Elephants Have Learned to 'Understand Human'

Whether we realize it, African elephants (Loxodonta africana) are listening to us. The pachyderms can tell certain human languages apart and even determine our gender, relative age, and whether we’re a threat, according to a new study. The work illustrates how elephants can sometimes protect themselves from human actions.

“It is a most remarkable finding,” says Frans de Waal, a primatologist at Emory University in Atlanta. “Animals associating sounds with danger is nothing new—but making these fine distinctions in human voices is quite remarkable.”

Elephants in Kenya’s Amboseli National Park, where the study took place, are killed periodically by Maasai pastoralists. Maasai men sometimes spear the animals to protest park policies governing grazing and water rights, and sometimes in retaliation for tusking and trampling people or cattle. “Most of the time, the Maasai and elephants co-exist quite well,” says Karen McComb, a behavioral ecologist at the University of Sussex in the United Kingdom. “But spearings do occur, and it’s clear that the elephants are tuned into the Maasai in lots of ways.”

McComb and her colleagues wondered if the Amboseli elephants could make similar distinctions between the voices of the Maasai and Kamba people. The scientists recorded men from the two ethnic groups, as well as Maasai women and boys, saying “Look, look over there, a group of elephants is coming” in their respective languages. (A Maasai man speaks the phrase in the audio file above.) From a concealed loudspeaker, the team then played back the voice recordings to 47 elephant family groups (which are composed of related adult females and their dependent young) while observing and videotaping the animals’ reactions.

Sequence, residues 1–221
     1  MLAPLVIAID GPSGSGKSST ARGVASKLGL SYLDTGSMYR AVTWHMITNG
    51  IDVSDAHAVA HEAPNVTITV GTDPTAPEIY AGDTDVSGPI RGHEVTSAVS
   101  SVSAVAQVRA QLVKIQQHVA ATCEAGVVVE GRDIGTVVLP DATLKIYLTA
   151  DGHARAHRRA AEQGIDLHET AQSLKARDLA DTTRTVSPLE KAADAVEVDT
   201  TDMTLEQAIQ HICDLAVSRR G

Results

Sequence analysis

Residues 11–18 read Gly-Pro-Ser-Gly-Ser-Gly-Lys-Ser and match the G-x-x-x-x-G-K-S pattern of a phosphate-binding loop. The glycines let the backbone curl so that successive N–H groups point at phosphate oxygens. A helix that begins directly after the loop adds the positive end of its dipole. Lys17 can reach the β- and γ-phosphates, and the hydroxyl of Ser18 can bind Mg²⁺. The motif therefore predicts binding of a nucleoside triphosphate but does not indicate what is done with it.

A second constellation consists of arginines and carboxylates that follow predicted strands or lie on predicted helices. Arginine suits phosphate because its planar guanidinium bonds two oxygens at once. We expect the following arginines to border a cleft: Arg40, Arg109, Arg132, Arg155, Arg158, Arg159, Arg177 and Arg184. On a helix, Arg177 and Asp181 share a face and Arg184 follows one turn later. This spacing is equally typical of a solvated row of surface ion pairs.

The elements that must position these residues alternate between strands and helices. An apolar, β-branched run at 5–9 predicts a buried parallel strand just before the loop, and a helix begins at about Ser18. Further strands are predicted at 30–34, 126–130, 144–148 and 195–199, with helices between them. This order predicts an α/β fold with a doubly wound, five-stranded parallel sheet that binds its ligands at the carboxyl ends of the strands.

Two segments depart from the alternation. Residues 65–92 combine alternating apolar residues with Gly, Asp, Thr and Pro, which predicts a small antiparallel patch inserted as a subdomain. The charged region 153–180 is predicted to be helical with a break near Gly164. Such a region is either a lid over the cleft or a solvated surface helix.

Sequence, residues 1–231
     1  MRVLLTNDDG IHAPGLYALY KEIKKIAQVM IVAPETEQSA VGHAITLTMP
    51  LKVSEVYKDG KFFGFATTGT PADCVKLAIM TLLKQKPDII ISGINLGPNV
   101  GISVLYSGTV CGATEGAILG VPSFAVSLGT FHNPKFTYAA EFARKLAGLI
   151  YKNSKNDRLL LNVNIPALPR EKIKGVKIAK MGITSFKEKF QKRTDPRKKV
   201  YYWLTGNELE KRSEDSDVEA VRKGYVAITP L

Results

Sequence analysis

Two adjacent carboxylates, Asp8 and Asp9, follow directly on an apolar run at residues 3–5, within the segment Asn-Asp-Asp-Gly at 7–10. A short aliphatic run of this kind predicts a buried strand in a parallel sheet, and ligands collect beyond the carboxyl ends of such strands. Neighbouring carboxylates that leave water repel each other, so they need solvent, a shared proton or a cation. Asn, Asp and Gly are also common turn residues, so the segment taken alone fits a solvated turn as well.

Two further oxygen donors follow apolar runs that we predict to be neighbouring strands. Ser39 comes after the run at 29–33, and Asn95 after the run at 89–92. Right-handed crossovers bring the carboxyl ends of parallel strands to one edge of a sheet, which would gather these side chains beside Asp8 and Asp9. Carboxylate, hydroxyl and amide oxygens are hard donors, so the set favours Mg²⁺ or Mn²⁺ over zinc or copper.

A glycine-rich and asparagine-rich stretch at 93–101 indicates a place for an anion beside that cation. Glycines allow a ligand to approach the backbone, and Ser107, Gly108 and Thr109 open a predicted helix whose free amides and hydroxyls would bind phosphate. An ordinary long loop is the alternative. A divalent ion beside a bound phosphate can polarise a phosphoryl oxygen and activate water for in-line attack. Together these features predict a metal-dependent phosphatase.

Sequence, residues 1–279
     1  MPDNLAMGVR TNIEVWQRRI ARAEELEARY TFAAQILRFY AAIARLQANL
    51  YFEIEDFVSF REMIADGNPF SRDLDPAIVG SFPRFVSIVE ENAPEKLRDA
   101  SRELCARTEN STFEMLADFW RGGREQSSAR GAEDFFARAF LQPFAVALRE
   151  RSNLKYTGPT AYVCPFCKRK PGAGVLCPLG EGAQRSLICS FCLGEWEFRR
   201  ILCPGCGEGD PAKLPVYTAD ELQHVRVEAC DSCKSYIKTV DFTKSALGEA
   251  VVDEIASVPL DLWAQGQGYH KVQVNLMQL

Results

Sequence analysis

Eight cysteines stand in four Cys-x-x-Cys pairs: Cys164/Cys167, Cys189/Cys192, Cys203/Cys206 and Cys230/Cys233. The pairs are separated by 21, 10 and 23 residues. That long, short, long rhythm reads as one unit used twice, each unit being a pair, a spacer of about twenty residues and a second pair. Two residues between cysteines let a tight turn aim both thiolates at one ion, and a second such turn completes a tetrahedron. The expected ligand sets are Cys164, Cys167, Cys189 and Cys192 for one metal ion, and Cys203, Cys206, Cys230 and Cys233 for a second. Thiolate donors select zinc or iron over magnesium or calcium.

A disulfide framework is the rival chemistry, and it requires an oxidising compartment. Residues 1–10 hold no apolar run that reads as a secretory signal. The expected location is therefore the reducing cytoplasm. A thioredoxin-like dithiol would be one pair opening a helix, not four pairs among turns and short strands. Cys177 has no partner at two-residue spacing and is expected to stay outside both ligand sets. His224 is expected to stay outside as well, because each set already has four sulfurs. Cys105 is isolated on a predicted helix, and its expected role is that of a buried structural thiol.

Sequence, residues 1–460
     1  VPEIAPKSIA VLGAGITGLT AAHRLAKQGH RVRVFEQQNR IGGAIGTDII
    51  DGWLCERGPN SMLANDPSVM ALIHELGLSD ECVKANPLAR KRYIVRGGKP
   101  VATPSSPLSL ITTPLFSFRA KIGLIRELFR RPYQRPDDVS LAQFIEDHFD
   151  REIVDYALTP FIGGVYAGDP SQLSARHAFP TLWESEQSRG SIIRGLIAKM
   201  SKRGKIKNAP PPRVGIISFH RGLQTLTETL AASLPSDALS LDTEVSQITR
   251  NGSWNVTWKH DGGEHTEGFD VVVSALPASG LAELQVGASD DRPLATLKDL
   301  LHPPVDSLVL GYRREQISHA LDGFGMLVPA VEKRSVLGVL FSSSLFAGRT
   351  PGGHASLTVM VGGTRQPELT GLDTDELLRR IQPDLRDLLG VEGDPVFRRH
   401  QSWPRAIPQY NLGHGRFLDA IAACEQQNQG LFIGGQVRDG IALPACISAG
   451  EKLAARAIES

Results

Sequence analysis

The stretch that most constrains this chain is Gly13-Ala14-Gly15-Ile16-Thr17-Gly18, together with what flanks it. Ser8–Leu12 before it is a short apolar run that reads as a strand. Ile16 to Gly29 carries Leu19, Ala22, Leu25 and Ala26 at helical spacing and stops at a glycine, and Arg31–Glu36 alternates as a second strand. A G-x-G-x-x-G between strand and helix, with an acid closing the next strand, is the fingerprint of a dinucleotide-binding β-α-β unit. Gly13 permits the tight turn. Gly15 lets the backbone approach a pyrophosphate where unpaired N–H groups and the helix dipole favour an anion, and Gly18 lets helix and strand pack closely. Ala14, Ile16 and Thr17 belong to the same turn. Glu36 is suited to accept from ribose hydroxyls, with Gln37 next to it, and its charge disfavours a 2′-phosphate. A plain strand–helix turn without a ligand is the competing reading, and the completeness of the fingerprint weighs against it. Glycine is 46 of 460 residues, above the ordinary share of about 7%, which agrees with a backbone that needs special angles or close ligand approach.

Right “from the get-go, the elephants responded differently to the Maasai and Kamba male voices,” says study co-author Graeme Shannon, a behavioral ecologist at Colorado State University, Fort Collins. They were more likely to retreat and bunch together, forming a defensive fortress around their young, and to smell the air (raising their trunks skyward) if they heard an adult Maasai man speak. But their reaction was not nearly as defensive when the voice was that of a male Kamba. The animals were also much less fearful when presented with the voices of Maasai women or boys. The scientists also altered the recordings, making the adult male voices sound more female and vice versa. But the elephants weren’t fooled and remained vigilant, the scientists report online today in the Proceedings of the National Academy of Sciences.

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